Adolf Hitler lived with a Jewish landlord for almost 10 years while he plotted his rise to power and the eventual genocide of six million Jews.

Hitler took a small room in the Munich house of Jewish merchant Hugo Erlanger throughout most of the 1920s despite being imprisoned for a failed coup and publishing Mein Kampf in the first half of the decade.

According to a German historian, Hitler treated Erlanger with cordiality and respect — even during visits from senior Nazis at the apartment on Thierschstrasse 41 in the Lehel district.

"I must admit that I found Hitler quite sympathetic," Erlanger said of Hitler, who lodged with him between 1920 and 1929.

He added: "I often met him on the stairs or at the entrance — usually he was just writing something into a notebook — and usually he exchanged quite a few non-committal words with me.

He never gave me the feeling that he looked at me differently from other people," Erlanger told a Hitler biographer in 1934, according to historian Paul Hoser, as reported in The Times.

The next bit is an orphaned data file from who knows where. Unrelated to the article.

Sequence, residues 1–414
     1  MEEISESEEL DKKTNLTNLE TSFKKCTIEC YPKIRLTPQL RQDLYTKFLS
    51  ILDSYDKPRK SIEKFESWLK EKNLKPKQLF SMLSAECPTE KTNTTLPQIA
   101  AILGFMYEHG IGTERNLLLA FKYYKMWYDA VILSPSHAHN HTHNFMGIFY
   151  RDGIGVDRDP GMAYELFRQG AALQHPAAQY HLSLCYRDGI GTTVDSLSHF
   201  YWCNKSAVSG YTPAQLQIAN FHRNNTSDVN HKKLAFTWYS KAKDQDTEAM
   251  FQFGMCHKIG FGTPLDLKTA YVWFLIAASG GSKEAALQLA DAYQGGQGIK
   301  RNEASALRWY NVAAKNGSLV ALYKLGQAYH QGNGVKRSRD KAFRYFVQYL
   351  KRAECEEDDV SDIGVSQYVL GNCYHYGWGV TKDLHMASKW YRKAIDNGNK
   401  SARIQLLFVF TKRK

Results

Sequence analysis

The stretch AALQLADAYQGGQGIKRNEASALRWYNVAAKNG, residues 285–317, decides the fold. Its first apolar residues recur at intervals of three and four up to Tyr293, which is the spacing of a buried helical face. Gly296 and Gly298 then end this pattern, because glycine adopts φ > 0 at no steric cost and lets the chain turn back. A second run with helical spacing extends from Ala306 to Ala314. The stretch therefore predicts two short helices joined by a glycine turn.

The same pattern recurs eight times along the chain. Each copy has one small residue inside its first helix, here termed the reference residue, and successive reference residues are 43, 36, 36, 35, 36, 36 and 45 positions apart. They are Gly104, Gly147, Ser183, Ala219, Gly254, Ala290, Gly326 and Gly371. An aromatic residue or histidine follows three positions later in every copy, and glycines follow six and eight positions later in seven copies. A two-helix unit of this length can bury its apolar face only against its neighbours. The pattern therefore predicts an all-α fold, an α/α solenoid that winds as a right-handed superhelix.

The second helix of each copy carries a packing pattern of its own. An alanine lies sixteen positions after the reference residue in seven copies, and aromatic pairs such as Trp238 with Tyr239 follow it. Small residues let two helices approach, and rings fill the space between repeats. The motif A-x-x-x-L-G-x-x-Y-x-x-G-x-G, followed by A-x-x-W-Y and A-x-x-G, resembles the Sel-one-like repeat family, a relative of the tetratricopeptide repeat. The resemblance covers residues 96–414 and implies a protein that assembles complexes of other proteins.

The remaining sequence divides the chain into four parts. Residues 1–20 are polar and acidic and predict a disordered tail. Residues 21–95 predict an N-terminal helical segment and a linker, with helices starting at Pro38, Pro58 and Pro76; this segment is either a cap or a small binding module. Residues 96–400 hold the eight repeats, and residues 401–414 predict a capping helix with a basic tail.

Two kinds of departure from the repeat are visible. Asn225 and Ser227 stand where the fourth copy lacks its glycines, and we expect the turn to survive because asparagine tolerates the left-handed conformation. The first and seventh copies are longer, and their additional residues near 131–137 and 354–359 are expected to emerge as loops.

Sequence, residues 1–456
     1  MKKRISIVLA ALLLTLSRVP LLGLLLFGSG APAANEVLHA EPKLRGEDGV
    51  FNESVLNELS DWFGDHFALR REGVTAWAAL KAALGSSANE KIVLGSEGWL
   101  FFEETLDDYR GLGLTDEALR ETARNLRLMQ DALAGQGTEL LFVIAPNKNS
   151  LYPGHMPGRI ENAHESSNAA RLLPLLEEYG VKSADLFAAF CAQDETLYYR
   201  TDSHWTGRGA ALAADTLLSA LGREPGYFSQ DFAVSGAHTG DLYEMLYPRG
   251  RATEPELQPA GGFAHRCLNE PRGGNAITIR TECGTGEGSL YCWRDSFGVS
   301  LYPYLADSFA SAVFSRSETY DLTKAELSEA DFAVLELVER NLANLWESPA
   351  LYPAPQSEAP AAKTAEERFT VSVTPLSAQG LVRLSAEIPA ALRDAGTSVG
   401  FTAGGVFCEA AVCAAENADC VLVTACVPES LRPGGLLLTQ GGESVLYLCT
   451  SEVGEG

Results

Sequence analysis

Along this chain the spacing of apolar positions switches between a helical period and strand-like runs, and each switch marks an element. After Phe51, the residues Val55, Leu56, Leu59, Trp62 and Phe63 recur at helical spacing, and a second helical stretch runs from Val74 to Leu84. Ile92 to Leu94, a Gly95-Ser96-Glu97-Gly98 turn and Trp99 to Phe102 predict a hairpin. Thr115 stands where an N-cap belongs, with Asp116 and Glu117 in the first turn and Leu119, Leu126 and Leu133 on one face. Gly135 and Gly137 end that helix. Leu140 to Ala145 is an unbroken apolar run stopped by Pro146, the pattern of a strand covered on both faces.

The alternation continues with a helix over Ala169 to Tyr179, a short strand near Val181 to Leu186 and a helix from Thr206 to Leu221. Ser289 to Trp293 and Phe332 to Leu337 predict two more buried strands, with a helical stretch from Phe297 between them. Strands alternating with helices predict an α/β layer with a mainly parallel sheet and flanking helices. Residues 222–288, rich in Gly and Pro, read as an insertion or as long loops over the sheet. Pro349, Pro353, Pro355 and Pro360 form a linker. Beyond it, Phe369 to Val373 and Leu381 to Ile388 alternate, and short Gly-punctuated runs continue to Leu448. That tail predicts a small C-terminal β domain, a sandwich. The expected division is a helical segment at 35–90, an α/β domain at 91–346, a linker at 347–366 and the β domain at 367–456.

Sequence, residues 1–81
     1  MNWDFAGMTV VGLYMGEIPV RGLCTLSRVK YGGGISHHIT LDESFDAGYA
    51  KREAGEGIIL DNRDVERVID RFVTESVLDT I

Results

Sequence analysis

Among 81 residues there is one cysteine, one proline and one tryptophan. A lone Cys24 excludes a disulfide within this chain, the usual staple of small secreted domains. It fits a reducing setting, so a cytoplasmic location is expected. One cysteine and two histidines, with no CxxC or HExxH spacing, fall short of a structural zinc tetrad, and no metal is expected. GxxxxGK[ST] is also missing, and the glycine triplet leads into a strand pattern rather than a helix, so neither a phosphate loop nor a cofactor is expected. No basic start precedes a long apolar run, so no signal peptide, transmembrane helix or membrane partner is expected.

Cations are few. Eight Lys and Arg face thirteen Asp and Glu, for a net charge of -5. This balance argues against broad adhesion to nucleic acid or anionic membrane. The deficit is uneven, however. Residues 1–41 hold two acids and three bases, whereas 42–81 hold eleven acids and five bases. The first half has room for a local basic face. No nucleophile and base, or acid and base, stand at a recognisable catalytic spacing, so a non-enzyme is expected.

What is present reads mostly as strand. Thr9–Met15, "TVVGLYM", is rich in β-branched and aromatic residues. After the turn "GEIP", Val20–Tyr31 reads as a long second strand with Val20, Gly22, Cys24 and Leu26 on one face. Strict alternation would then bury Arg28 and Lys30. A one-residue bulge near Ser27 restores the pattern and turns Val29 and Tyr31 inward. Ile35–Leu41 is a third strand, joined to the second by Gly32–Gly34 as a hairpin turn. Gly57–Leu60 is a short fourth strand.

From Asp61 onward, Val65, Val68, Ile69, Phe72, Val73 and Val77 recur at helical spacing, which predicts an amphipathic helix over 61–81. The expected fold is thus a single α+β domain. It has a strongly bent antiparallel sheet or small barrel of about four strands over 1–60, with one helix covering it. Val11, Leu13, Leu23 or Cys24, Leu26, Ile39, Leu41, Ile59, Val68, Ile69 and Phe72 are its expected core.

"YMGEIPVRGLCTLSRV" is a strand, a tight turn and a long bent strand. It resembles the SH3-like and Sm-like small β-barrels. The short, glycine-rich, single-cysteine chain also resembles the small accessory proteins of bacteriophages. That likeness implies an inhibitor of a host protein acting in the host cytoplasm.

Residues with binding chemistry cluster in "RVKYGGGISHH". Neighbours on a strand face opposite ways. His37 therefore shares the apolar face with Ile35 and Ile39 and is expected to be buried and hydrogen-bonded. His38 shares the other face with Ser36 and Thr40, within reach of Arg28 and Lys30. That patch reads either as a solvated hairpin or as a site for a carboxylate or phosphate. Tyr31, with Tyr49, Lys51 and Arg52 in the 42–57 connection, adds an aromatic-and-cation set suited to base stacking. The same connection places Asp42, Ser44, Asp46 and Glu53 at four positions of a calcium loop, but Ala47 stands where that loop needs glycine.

He married a non-Jew and kept a low profile while his tenant orchestrated a political project that would bring about the Holocaust.

"Since I am a Jew, I took as little notice as possible of the activities of my resident and the National Socialists," he said.

It is unlikely that Erlanger's remained so measured in his appraisal after he was arrested in 1938 and sent to a labour camp but survived the war.

In September 1930, shortly after Hitler moved from the address, the Nazi Party made huge gains in the German federal election, increasing their number of seats from 12 to 107.

Erlanger regained ownership of the building in 1949 after the end of WWII.